Do you upload your work to the web? If so, where could we see it?
What role does technology play in your creative process?
It hardly plays any role at all, apart from the means of listening to music, which is something that often inspires me to paint. As a whole, I work with traditional media and only use technology to adjust the quality of the scanned image of my original works.
Do you consider yourself postmodern?
I think of myself as a person who largely disapproves of the distorted values of today's society (a large amount of my works is dedicated to this disapproval); however, in the aspect of art, I do not consider myself a postmodern artist. In some ways, my art is quite conventional, albeit carrying unconventional messages.
Does it pain you to let go of a piece you have sold?
That depends on how personal this piece is to me and how much of myself I've put into it. Still, generally I don't feel bad about letting go of my art: I am usually glad about selling it to the purchasers if they truly appreciate my efforts.
Do you personally collect any items?
Not really, but I would find it an intriguing activity I could take up in the future, if I have the chance.
What did you first read? How did you begin to write? Who were the first to read what you wrote?
I do not remember most of the children's books I read in my early childhood, but the first novel I recall reading as a child was Jack London's "White Fang", which I read at age seven, and which had a great influence on me and my thinking as a whole. From then on, I read "Call Of The Wild" and many of Jack London's short stories, and proceeded to reading the works of Alexandre Dumas, Victor Hugo, and Mark Twain. As a teenager, I got acquainted with the writings of Terry Pratchett. I myself wrote short stories (sometimes with longer follow-ups) since I was 11 and shared them with my friends at school. By the time I was 16, I had already come up with several of my original characters which would later on become the focus of my writing. A year ago, immediately after I got married, I intended to write a novel and dedicate it to my husband, and was randomly inspired for it by a song. As soon as I had finished it, I started finding ways to have it published.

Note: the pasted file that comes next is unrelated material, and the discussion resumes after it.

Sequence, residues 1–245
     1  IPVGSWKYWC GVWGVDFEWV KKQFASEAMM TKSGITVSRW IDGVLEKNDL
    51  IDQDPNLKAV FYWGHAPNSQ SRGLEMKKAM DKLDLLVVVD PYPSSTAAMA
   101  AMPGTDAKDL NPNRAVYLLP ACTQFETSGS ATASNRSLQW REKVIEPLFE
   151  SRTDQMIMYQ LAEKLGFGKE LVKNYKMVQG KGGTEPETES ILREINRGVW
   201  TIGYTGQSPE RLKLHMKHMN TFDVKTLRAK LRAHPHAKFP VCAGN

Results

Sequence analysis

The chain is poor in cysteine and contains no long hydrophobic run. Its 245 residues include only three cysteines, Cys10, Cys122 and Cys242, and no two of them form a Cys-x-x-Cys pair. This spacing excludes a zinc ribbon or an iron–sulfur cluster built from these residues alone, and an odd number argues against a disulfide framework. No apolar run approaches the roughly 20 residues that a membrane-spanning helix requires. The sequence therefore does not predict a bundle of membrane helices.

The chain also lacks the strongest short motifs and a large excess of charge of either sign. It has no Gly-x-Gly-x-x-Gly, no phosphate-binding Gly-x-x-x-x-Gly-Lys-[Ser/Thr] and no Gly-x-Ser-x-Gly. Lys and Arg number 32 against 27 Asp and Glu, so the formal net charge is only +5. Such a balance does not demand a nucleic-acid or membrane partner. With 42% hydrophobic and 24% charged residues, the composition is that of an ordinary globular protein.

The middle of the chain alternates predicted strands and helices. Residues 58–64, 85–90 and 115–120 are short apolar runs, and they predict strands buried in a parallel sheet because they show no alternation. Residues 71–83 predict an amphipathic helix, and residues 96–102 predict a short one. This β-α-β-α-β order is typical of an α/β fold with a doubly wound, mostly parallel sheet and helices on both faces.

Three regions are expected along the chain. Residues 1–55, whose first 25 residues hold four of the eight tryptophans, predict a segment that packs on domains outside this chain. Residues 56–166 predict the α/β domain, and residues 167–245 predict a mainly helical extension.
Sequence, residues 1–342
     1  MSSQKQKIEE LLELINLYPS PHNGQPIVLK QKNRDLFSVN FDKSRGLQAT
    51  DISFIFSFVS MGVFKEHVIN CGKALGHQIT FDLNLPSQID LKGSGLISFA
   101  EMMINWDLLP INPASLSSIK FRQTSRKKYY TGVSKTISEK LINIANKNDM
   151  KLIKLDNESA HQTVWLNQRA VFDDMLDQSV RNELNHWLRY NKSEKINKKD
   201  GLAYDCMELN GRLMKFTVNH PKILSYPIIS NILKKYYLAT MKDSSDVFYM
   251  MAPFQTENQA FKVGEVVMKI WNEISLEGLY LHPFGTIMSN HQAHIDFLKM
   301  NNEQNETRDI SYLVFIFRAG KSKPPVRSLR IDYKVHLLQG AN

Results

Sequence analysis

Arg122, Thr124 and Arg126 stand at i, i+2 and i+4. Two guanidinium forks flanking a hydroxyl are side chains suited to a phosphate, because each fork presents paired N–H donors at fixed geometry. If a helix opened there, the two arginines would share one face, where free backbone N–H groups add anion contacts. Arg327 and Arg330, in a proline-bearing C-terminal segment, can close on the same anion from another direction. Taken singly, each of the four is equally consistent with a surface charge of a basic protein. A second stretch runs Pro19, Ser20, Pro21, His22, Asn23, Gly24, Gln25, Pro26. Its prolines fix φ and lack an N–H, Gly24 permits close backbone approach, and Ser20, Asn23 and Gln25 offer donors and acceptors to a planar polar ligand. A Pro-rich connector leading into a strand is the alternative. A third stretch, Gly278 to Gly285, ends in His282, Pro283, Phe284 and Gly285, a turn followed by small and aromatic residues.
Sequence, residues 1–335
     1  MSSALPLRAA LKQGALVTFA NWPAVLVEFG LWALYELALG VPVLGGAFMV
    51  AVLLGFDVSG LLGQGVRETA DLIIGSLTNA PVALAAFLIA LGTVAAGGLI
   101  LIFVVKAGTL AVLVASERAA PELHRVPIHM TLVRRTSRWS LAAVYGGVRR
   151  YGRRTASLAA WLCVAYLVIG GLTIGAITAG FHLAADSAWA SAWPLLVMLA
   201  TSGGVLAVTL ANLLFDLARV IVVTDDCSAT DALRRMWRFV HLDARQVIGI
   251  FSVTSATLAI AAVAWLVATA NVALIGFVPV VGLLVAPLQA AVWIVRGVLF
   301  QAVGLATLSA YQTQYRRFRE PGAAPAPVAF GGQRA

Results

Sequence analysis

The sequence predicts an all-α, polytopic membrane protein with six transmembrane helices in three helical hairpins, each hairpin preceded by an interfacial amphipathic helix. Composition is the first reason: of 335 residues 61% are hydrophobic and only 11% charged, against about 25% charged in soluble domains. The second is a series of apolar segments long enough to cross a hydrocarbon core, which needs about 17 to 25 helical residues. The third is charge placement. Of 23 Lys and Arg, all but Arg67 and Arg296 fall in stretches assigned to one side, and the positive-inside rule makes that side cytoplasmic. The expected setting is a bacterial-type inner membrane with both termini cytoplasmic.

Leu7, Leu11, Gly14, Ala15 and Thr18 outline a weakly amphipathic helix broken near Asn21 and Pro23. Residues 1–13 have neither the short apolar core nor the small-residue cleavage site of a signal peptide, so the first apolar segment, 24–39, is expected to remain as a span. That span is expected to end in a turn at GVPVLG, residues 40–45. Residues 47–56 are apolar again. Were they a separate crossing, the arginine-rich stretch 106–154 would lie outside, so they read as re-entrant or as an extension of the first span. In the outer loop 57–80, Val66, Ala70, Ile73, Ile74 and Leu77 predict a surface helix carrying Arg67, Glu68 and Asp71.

What is your favorite genre? Can you provide a link to a site where we can read some of your work or learn something about it?
My favorite genre is fantasy; however, I am not too fond of the fantasy novels that follow a certain pattern. I am more interested in the unconventional fantasy novels with a lot of humor and character development in them. An example of this are the works of Terry Pratchett, which I am quite fond of.
Most of my writings and art can be found on either of the following web addresses:
My novel, poetry and short stories can be bought/downloaded here, where you can also read excerpts of them for free:
More about my novel:
What is your creative process like? What happens before sitting down to write?
Whenever I can, I write immediately after I feel inspired, usually on paper when it comes to short stories and poetry. I write my larger works on a computer, but I always write their beginnings on paper. It isn't very difficult for me to start writing once I've sat down to write, so nothing unusual happens before the beginning of the writing process, with the exception of, perhaps, my listening to an inspiring song.